Linda V. Lewis.
My mom raised me on her own, working two jobs, a heroine of a teacher, often no car, no tv, no bad fake food—she nevertheless had simple taste, beautiful old furniture, we made art and read good books, ate artichoke leaves with lemon and butter on our front steps…and rode horses, participated in the burgeoning Buddhist community of Trungpa Rinpoche and Naropa Institute, practiced Japanese flower arranging and archery, went to museums and movies at the library and other free illuminating stuff, rescued a dog, Pumpkin, and two cats, mine was named Boo cause he was black like a witch’s cat in Halloween.
Anyway: one of the best moms ever.
Maybe the first memory I have is of being tossed from one mommy to another in Spruce Pool…and my eyes went underwater for a moment, bubbles and sun and light blue water
she loved baseball, like my dad
She knew everyone and loved to chit chat, I hated waiting around forevvver while she talked and talked (now I do the same to my friends and girlfriends)
I remember leaning out our car window and smiling, it was a happy youth
despite the dad, despite being so poor we had no car, no TV, no presents, so poor she sold the house because she couldn’t make the dreaded “balloon payment,”
balloon: a happy image for an ominous, little understood threat
she had good old fashioned simple taste, everything was wood and warm and we read books and she loved to garden and hike and go to museums and doooo things. Now they say memories of ordinary adventures are most cherished when old
she loved making artichoke with lemon and butter and we’d eat the leaves together on our porch, sitting at the picnic table or right on the front stoop where, in winter, a huuge icicle pillar would appear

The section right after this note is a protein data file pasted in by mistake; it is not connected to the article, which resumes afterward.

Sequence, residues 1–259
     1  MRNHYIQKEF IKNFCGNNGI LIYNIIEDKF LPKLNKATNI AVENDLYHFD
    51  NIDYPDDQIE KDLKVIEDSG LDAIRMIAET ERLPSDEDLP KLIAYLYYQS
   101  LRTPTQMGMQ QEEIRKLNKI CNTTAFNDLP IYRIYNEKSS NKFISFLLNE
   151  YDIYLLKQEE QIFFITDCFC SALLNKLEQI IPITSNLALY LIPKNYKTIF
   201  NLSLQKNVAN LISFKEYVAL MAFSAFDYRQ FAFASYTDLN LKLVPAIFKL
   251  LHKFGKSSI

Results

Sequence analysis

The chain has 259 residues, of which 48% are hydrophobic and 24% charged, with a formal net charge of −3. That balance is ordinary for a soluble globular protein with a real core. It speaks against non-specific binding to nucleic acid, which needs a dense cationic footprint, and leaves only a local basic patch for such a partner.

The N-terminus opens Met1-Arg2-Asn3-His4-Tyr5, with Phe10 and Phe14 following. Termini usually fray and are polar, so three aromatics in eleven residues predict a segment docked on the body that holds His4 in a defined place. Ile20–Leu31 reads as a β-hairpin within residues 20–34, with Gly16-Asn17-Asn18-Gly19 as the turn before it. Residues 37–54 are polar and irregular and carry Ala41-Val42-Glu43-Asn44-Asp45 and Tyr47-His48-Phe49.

well, my childhood I always think of as having been rich
We didn’t always have fancy food but we had love and goldfish and two cats and one dog we rescued and we had learning, and Dharma, and sangha. I remember when I was 12 eating popcorn we’d pop ourselves and watching Wheel of Fortune and Hart to Hart on our fancy new TV set.
though we didn’t have presents sometimes or Christmas
I learned art from her, and the importance of spelling (she’d even correct my letters I’d send back home, once at college)
when I turned 15 I went from being always “the best son ever” to “like my father”—I wanted to party and run around and didn’t want to call home all the time
I hated it when she cut her lovely hair short (why do women do that when they grow older, long white hair is gorgeous)
She guarded my education, transferring me from school to school (but not in a bad way)
She treated me like an adult, mostly (sometimes she lectured me for an hour, recalling everything I’d done wrong for the last month, while I shook my head in glazed boredom—how’d she remember all that?)
Thanks to her I have many memories of Trungpa Rinpoche and the Regent…falling asleep on her lap on the meditation cushions, or going to Ngedon School with her, or even to a few parties or big festivals…and I got to study kyudo with Sensei from a young age, and ikebana, and oryoki, and horseback riding (we stabled a poor beautiful formerly abused horse for years). Thanks to her I grew up thinking I was intelligent, an interesting and powerful notion that predetermines so much success
while I wish I had a poppa to show me how to shave and woo women
My momma gave me a woman-first view of the world that taught me respect and made me, inside, more of a woman myself—oh, I’m full of arrogance and lust and love—but to this day I abhor so many tendencies among my brothers.
My mother loves to create things by hand. She loves people. She’s not good with money, but, then, she’s had very little practice. She’s the one thing that makes me want to hurry my family situation along, so that I can make sure my children have the full gift of her (grand)parenting.
I love you, mommy.